Car enthusiasts love the small car/big engine formula when it comes to sports cars. But now automakers are starting to flip the formula, putting small engines in big cars.
None have been more aggressive than Ford with its EcoBoost engine strategy. A case in point is the refreshed 2013 Taurus, where the 2.0-liter EcoBoost is now an option to the standard 3.5-liter V-6. Of course, another engine carrying the EcoBoost name, the 3.5-liter twin turbo is still available in the high-performance SHO.
The tenets of EcoBoost are smaller displacement, direct fuel injection and turbocharging and providing performance that is similar to the bigger engine with better fuel economy.
The smaller engine comes up 48 horsepower short compared to the standard V-6, but it actually has more torque: 270 vs. 254 pound-feet. And it peaks at lower rpms: 3,000 vs. 4,000.
But the bottom line is fuel economy. The 2.0-liter is rated at 22 city and 32 highway, both three higher than the V-6. We saw 25 in a combination of freeways and rural two-lanes.
Unlike in the past, it’s the fuel-economy engine that is the option. At a price of $995, buyers should do a cost analysis to figure out if the EcoBoost is worth the extra coin. If you drive 15,000 miles a year, you’ll use 600 gallons at 25 mpg. The V-6 would use another 81 gallons to go the same distance, saving you $324 per year at $4 per gallon. So EcoBoost would pay for itself in just more than three years.
That’s not a bad trade-off because other than better mileage, there isn’t much to distinguish the V-6 and the turbo four. With fewer horses, but more torque, performance is similar. The four is, of course, not as smooth as the six, but Ford has done a good job isolating it from the cabin. About the only thing passengers will notice is a somewhat odd resonance at lower rpm in higher gears.
The 2.0 liter is available across all Taurus trim levels except SHO. While all-wheel drive is available with the regular V-6 and standard on the SHO, it is not available with the four.
Of course, the low rpm/high gear formula is pretty much the norm for the six-speed automatic that is the only transmission offered with the 2.0.
Besides getting EcoBoost, the Taurus gets mildly refreshed styling with a new take on the three-bar grille and other changes including full LED taillights.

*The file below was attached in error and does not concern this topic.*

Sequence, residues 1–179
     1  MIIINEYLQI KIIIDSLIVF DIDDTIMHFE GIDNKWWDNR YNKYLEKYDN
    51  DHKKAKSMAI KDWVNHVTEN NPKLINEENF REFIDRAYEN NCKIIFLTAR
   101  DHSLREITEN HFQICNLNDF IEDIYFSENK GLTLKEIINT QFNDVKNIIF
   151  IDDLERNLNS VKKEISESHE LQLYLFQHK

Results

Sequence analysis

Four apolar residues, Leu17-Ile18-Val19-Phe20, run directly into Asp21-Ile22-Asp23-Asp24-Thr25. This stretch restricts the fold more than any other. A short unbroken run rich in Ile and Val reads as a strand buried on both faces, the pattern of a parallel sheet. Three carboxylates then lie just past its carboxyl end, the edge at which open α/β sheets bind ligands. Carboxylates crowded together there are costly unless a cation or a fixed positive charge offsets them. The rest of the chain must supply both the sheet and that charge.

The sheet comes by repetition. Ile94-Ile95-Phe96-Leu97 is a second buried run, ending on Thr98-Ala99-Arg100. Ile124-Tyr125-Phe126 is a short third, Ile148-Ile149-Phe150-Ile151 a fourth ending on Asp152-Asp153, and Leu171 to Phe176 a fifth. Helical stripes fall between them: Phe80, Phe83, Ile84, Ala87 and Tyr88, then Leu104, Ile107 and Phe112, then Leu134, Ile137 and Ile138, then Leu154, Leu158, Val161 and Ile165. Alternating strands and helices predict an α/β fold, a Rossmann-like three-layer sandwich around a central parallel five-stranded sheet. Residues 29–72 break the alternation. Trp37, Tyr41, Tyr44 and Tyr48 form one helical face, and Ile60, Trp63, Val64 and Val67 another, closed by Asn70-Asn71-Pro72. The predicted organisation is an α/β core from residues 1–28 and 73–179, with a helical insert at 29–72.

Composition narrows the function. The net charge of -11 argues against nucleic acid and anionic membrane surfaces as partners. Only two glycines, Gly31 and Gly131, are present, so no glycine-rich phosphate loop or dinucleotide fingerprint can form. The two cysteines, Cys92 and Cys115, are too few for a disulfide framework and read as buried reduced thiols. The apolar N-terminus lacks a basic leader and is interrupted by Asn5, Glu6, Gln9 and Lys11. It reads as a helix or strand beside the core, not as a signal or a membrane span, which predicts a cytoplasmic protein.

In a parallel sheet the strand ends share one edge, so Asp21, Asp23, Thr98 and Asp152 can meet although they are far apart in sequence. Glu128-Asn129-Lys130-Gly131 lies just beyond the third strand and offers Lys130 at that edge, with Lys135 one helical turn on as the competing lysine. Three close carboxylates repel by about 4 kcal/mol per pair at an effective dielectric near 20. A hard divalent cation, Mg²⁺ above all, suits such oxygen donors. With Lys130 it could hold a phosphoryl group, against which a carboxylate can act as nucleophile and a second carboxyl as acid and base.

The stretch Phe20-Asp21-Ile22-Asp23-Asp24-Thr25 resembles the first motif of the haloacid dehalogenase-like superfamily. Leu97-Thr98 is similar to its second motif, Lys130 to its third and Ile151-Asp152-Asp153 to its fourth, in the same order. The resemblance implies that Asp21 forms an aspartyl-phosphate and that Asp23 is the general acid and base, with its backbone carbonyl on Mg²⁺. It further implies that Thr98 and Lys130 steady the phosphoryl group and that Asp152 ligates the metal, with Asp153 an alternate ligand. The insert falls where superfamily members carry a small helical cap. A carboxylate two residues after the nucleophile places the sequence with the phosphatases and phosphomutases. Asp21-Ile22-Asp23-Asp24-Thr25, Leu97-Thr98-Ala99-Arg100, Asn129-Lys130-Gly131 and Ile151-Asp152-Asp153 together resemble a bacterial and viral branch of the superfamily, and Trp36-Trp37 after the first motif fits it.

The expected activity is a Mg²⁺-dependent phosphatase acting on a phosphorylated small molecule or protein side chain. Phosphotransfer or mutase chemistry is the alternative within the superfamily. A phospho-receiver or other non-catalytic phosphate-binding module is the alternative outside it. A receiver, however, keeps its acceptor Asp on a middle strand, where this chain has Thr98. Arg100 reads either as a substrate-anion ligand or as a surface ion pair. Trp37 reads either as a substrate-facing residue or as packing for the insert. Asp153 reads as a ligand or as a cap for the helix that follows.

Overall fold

Ford also added torque vectoring control, which uses a slight amount of braking force on the inside front wheel when accelerating through a corner. It also has Ford’s curve control, a braking control feature aimed at slowing the car if it senses a driver inadvertently entering a curve too quickly. With application of four-wheel smart braking, the car can reduce speed swiftly. Drivers will rarely even sense these systems working.
Not surprisingly, the Taurus offers a cushy ride, although there’s a bit too much body roll. Not surprisingly, it doesn’t like to hurry through corners.
Inside, the Taurus gets the latest version of MyFordTouch and Sync. The test car, a Limited equipped with the up-level Sony infotainment system with navigation, continues to improve on the controversial system. While Ford continues to improve the voice recognition system, it still doesn’t feature haptic feedback to let you know that you’ve successfully operated one of the few virtual buttons on the piano-black center stack. If you are willing to learn everything that the system can do, it offers a lot of features which help you keep your hands on the wheel.
The interior feels surprisingly cramped for a full-size sedan. Part of that is the overstuffed seats, which are cushy soft.
Rear seat passengers won’t scrape their knees on the seatback, but there isn’t stretch-your-legs room, either. In front, the Taurus has a big hump at the leading edge of the seats, an annoyance for anyone who likes to drive or ride with a leg bent. It’s a complaint that the Taurus has in common with all of the vehicles that ride on this platform including the Explorer, Flex, Lincoln MKS and MKT.
While the interior seems a little cramped for such a large car, the same cannot be said about the trunk, which, with 20.1 cubic feet, looks big enough to host the office Christmas party.
Taurus pricing opens at $27,395 including destination for the base SE, one of three Taurus trim levels (plus the high-performance SHO). The Limited tested here carries a base price of $33,795. Options including the EcoBoost, Ruby Red metallic paint ($395), voice-activated navigation ($795) and adaptive cruise control ($1,195) push the bottom line to $40,675.
Engines are getting smaller, even those in big cars. Taurus buyers will have to decide if the savings at the pump are worth the up-front cost.